List of people with non-domiciled status in the UK

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Someone with non-domiciled status, sometimes called a 'non-dom', is a person living (i.e. resident for tax purposes) in the United Kingdom who is considered under British law to be domiciled (i.e. with their permanent home) in another country. This can have significant tax advantages for the wealthy. In 2010, non-doms became a political issue. Note that this status is not the same as citizenship; a non-dom may be a British passport-holder, or may be a foreign national.

Non-domiciled status can either be acquired from one's father, which is known as a 'domicile of origin', or by abandoning one's domicile of origin and demonstrating the intention to reside outside of the UK indefinitely. According to the official government page, "UK residents who have their permanent home (‘domicile’) outside the UK may not have to pay UK tax on foreign income."[1]

In the 2012/13 tax year (the latest for which figures are available), more than 113,000 people in the UK claimed non-dom status.[2] The Independent estimated that there were about 116,000 in 2013, an increase of 33,000 since 1997.[3]

The issue of non-doms came to public attention in 2010, and led to the passage of Constitutional Reform and Governance Act 2010, which said among other things that a person not domiciled in the UK could not serve in the House of Lords. Some non-doms gave up their seats in order to maintain their tax status.[4]

Notable "non-doms"[edit]

Prominent non-doms include:

Those who resigned from the House of Lords over the issue include Raj Bagri, Baron Bagri,[4] Baroness Lydia Dunn,[4] Norman Foster,[9] Lord Laidlaw[6][15] and Alistair McAlpine, Baron McAlpine of West Green.[16]

Former "non-doms"[edit]

  • Zac Goldsmith - Pressured by David Cameron into giving up the non-domiciled status he acquired from his father[6]
  • Jemima Goldsmith[13]
  • Sir Gulam Noon - gave up non-domiciled status in order to become assistant Treasurer to the Labour party[6]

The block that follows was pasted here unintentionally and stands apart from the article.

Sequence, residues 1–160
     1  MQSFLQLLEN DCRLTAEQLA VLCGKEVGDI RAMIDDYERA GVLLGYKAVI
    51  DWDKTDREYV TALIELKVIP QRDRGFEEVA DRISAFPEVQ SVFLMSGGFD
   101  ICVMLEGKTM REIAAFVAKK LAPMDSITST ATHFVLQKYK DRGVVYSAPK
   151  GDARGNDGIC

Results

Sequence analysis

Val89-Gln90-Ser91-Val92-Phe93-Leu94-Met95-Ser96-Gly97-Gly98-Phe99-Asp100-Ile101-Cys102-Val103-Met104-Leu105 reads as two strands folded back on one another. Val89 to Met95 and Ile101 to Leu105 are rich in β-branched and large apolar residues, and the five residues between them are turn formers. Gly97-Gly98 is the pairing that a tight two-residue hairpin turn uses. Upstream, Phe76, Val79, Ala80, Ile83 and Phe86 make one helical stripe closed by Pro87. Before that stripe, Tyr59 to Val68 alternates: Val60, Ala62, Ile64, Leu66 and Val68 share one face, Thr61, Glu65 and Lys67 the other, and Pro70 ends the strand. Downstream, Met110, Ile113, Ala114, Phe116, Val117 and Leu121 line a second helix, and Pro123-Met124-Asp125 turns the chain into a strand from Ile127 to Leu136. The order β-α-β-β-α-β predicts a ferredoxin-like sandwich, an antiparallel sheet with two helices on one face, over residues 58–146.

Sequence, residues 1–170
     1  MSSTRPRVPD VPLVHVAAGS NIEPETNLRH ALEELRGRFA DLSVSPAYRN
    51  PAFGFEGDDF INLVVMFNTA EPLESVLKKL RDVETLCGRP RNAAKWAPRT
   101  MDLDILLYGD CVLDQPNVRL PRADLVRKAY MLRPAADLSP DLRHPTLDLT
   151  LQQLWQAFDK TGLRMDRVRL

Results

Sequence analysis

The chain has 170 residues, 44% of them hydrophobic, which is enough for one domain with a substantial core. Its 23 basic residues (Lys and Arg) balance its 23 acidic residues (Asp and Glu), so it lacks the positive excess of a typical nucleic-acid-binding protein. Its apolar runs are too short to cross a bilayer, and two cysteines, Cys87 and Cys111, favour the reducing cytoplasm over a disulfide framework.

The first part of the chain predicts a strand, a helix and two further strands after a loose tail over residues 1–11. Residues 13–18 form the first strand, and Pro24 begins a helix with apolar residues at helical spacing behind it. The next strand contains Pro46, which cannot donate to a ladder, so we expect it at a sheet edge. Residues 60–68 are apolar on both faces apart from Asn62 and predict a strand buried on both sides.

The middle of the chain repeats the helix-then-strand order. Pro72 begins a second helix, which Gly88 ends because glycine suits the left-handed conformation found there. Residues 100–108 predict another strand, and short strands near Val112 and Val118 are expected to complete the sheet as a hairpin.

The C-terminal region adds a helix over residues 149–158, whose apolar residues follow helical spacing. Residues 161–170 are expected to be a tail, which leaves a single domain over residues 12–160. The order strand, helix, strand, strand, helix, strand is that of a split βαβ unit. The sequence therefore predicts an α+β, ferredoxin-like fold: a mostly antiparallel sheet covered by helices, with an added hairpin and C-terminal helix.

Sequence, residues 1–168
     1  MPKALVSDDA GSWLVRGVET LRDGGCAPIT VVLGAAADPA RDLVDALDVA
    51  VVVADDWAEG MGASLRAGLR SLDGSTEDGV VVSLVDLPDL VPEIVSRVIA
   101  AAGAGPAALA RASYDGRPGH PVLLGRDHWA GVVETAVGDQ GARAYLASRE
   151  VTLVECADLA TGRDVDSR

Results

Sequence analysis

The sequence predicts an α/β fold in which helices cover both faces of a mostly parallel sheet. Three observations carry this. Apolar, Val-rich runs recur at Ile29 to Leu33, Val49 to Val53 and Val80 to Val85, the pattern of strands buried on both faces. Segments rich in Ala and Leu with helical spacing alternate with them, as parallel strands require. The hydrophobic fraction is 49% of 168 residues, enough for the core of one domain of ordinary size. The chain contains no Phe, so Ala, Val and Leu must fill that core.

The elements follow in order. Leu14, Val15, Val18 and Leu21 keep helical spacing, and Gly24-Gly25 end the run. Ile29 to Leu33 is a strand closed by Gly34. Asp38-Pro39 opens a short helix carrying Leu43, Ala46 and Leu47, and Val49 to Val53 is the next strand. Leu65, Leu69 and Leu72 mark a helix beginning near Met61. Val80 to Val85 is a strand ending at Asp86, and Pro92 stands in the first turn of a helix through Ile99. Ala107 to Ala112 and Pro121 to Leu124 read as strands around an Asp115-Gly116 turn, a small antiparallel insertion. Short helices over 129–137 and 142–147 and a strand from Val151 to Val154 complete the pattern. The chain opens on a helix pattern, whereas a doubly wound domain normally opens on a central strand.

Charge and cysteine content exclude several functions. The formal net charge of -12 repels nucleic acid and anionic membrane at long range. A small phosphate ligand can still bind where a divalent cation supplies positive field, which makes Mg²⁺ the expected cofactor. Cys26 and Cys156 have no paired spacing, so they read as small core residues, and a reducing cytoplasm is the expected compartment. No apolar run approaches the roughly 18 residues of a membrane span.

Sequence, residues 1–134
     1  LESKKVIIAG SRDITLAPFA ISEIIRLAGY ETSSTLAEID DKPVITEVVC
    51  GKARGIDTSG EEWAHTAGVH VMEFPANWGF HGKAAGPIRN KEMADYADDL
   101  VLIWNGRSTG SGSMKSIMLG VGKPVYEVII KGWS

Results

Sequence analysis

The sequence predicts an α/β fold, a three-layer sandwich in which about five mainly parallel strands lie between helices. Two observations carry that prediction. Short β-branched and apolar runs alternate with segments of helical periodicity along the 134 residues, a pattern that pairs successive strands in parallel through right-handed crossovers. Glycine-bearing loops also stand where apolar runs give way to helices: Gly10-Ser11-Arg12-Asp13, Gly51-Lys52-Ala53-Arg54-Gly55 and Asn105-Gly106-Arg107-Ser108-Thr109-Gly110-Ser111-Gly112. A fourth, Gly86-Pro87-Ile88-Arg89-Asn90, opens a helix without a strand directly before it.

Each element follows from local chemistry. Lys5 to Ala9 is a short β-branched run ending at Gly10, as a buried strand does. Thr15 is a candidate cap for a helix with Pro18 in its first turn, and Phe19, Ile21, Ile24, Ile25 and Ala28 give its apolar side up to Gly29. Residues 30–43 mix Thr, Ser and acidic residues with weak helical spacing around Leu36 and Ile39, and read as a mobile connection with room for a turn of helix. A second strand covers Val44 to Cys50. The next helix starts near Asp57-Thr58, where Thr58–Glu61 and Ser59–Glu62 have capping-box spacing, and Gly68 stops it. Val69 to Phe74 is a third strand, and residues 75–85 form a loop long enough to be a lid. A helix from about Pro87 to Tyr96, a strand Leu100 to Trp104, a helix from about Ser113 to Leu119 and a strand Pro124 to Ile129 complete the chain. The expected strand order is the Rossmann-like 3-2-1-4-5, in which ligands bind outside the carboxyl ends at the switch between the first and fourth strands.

• Lord Paul - gave up non-dom status in 2010 to retain seat in the House of Lords[9]

Lord Ashcroft[6] was arguably the most prominent of these. After some publicity and political pressure, in 2010 he gave up his non-dom status in order to stay in the House of Lords. However, in 2015 he retired as a working peer, which the Financial Times points out would allow him to "revive his non-domiciled tax status".[17]


  1. ^ "Tax on foreign income". Retrieved 26 February 2017.
  2. ^ Ball, James (7 April 2015). "Non-dom status: living and working in the UK, without paying all your tax in the UK". The Guardian. Retrieved 8 April 2015.
  3. ^ a b c d e Morris, Nigel (7 April 2015). "General Election 2015: British residents who do not pay tax on overseas earnings will be stripped of 'non-dom' status, says Miliband". The Independent. Retrieved 8 April 2015.
  4. ^ a b c "Four non-dom peers quit Lords - Westminster". 2010-07-06. Retrieved 2015-04-08.
  5. ^ a b c d e Savage, Rachel (8 April 2015). "Ditching non-doms may lose the UK money - but it's the right thing to do". Management Today. Retrieved 9 April 2015.
  6. ^ a b c d e f g h i "Non-dom donors: who has given money to which parties?". The Guardian. 8 April 2015. Retrieved 8 April 2015.
  7. ^ a b c d e Donnellan, Aimee. "Labour non-dom threat hits RBS, Barclays, Lloyds — and Carney". The Sunday Times. Retrieved 12 April 2015.
  8. ^ a b c d e f "Scrapping non-dom tax status would hit bank chiefs". The Daily Telegraph. 12 April 2015. Retrieved 14 April 2015.
  9. ^ a b c d Garside, Juliette (8 April 2015). "Miliband's abolition: Many have tried to close non-dom loophole – all have failed". The Guardian. Retrieved 9 April 2015.
  10. ^ "Thousands of British tax exiles face huge bills after landmark 'non-dom' court case leaves tycoon facing £30m penalty". Mail. 17 February 2010. Retrieved 8 April 2015.
  11. ^ Will Woodward and Jason Rodrigues. "The major non-dom donors for the Conservatives and Labour. As a spreadsheet | News". Retrieved 2015-04-08.
  12. ^ "Brown forced to close tax loophole after 'Mittalgate'". The Independent. 2017-02-09. Retrieved 2017-02-09.
  13. ^ a b c Leigh, David (11 February 2015). "HSBC files reveal how UK's non-dom tax concession is being exploited". The Guardian. Retrieved 8 April 2015.
  14. ^ Sheffield, Hazel (8 April 2015). "Non-doms: who they are and why Labour wants to scrap their tax privileges". The Independent. Retrieved 8 April 2015.
  15. ^ "Tory donor Lord Ashcroft gives up non-dom tax status". BBC. 7 July 2010. Retrieved 15 February 2017.
  16. ^ "Ministers and monarchy pass buck on 'non-doms'". The Independent. 2017-02-09. Retrieved 2017-02-09. For Lord retirement lists see also "Tory donor Lord Ashcroft gives up non-dom tax status". BBC News. 7 July 2010.
  17. ^ Pickard, Jim (31 March 2015). "Lord Ashcroft retires from House of Lords". Financial Times. Retrieved 15 February 2017.